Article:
Bottom line- your IT department probably gathers A LOT of information about your activity over the course of the day. Most of it is ignored because sifting through it is a pain in the ass. It's there in case they need it, but no one is probably monitoring you.
posted by mkultra at 8:15 AM on March 2, 2005

The IT guys have two ways they can get at you. They can install software on your computer so they can snoop what you're doing on your machine, and they can watch all the network traffic going by so they can snoop your web surfing (and emailing and IMing, etc.). They can do both of these things in real time, and they can do both these things without you having any way of knowing.

This combination means that, as gd779 has already stated, the only way you can hide what you're doing is by bringing in your own computer (so you know their software isn't installed on it) and setting up an encrypted connection to the outside world (to bypass their network monitoring).
posted by event at 8:32 AM on March 2, 2005

FInd out what version of Remote Desktop you are on, then do the following:

Go into System Preferences, and then "Sharing". One of the items in here is the checkbox for Apple Remote Desktop.

If you highlight it and click on the "Access Privileges" button, you can change what the Remote Desktop administrator can and cannot do.

One of the checkboxes is called "Show when being observed." I think it puts a little icon in your menu bar that changes when you're being watched.

The problem with all this is that you probably need administrator access if you need to change this.
posted by jeremias at 10:18 AM on March 2, 2005

If the IT dept controls access by MAC address then bringing a laptop wouldn't work.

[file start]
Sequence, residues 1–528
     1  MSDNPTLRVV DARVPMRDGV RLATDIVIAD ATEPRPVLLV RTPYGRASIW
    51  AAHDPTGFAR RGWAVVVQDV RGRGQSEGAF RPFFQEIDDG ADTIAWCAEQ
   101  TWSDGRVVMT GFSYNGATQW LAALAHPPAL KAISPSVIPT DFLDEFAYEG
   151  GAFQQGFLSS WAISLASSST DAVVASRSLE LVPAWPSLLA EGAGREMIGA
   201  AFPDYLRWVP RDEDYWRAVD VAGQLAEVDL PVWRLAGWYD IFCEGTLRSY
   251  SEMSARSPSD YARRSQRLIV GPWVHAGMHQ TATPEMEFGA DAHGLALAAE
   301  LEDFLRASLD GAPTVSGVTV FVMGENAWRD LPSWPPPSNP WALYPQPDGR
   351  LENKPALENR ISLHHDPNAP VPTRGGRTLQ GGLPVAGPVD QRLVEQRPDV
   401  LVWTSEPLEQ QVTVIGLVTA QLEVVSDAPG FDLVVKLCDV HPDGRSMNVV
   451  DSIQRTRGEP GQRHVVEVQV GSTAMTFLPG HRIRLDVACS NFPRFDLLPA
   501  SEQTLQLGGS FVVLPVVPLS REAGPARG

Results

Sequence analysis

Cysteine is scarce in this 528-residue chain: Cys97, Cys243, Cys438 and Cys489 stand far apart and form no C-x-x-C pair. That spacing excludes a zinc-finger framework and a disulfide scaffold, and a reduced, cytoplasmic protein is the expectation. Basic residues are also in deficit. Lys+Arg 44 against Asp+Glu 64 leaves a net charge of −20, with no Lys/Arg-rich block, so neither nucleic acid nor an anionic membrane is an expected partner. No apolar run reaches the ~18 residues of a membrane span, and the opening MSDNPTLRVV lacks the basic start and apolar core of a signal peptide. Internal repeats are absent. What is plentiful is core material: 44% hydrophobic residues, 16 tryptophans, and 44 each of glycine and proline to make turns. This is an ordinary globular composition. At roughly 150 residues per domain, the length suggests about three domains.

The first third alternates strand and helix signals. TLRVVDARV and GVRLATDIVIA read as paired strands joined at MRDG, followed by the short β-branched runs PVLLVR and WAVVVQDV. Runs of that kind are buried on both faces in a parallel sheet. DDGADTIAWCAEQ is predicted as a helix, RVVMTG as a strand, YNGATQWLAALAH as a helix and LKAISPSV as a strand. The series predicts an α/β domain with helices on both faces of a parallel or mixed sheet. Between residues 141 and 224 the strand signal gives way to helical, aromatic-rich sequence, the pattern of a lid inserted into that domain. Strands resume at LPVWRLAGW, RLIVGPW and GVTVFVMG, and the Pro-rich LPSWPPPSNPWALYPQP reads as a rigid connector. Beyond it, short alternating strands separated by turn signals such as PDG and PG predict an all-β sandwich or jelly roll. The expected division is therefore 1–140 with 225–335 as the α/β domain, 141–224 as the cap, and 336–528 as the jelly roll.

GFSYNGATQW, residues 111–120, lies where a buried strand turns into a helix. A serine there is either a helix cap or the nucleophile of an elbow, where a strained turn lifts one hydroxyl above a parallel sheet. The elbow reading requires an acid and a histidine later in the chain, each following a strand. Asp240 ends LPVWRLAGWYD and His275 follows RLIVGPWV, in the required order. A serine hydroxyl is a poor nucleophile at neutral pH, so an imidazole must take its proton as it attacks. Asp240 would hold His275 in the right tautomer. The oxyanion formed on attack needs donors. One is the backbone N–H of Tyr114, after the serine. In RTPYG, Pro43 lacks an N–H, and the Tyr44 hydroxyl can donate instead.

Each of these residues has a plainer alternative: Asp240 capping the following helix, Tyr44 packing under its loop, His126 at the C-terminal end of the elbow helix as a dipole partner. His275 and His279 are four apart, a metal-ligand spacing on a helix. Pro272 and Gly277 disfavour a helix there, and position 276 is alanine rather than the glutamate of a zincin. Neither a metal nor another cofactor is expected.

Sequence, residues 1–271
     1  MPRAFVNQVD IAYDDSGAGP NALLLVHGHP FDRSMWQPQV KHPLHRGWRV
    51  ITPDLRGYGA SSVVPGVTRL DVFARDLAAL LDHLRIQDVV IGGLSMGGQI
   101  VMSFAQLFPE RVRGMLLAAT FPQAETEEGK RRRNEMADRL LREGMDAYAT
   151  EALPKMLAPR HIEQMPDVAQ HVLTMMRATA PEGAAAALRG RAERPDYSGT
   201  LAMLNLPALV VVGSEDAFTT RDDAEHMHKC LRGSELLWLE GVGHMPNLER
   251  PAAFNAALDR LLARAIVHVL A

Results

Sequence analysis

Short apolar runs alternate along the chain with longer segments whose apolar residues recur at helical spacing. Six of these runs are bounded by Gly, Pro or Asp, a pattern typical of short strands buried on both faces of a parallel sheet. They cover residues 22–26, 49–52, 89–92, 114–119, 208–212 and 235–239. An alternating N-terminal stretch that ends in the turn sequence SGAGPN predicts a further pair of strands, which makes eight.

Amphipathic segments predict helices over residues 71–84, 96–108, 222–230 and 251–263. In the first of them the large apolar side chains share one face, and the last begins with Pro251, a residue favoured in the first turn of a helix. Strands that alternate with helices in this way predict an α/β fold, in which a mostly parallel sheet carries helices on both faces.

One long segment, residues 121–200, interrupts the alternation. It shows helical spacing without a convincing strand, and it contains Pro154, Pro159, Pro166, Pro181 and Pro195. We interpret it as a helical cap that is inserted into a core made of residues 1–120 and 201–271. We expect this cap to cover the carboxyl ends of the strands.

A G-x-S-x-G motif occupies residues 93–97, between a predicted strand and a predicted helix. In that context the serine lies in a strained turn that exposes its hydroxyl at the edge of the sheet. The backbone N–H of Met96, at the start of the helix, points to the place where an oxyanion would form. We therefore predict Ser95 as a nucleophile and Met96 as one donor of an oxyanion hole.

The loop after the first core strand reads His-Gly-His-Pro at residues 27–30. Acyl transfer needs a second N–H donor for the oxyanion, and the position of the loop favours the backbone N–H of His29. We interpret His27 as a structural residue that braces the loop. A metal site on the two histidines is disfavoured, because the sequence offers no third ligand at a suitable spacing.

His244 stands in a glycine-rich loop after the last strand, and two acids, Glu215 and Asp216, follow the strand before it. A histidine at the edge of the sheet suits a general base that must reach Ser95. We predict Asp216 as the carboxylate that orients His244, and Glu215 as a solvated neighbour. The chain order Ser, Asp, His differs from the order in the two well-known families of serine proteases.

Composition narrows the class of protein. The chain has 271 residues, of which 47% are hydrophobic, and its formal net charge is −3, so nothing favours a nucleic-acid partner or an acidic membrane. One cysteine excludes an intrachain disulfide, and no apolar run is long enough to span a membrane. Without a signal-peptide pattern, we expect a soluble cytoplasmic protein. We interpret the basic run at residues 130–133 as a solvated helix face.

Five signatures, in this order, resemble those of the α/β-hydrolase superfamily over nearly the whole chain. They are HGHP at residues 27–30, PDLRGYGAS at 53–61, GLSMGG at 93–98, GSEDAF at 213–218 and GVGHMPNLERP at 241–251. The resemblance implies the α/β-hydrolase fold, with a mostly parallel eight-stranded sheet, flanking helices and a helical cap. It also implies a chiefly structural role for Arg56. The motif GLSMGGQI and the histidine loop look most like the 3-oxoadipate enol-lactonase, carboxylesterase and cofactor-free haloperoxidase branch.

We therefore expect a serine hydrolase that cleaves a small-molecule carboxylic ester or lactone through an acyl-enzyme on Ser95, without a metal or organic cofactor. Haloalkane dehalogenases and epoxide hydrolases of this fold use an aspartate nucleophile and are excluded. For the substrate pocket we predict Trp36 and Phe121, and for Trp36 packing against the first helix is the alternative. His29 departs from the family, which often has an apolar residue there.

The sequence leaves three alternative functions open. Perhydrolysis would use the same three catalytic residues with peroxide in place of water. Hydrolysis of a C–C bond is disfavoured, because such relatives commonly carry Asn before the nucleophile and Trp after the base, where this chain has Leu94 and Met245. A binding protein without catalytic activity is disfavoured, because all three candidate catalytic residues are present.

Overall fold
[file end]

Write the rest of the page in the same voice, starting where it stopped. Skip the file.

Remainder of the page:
posted by Jim Jones at 11:02 AM on March 2, 2005

Just be clear, I don't know what the laws are in the U.K., but in the states, you have no rights to privacy while on the payroll and using company property.

Use the company phone, the internet connection, the photocopier, the fax machine, or the computer, and you can monitored without warning or notice.

They're paying for your time, what are doing with it?
posted by PissOnYourParade at 8:35 PM on March 2, 2005

Jim Jones: If the IT dept controls access by MAC address then bringing a laptop wouldn't work.

Contrary to popular belief it is trivially easy to change your mac address to your "authorized" MAC in most cases. I've changed the MAC on the onboard intel pro 100 in the machine I'm writing this from twice in the last six months. Heck most consumer routers have MAC Address cloning built in.

I'll confirm what event said. Also if a network admin at a place that was either so draconian or paranoid enough to be monitoring your connection saw a lot of encrypted [1] traffic you'd probably be called into an office sooner rather than later.

[1] remember an encrypted tunnel is still passing packets, the admin just can't read what is being passed. At a minimum an admin can tell how much data has been passed. A good admin can often hazard a WAG as to whether your downloading porn; checking email, or surfing news sites just by the volume over time and pattern of the volume in each direction.
posted by Mitheral at 11:36 PM on March 2, 2005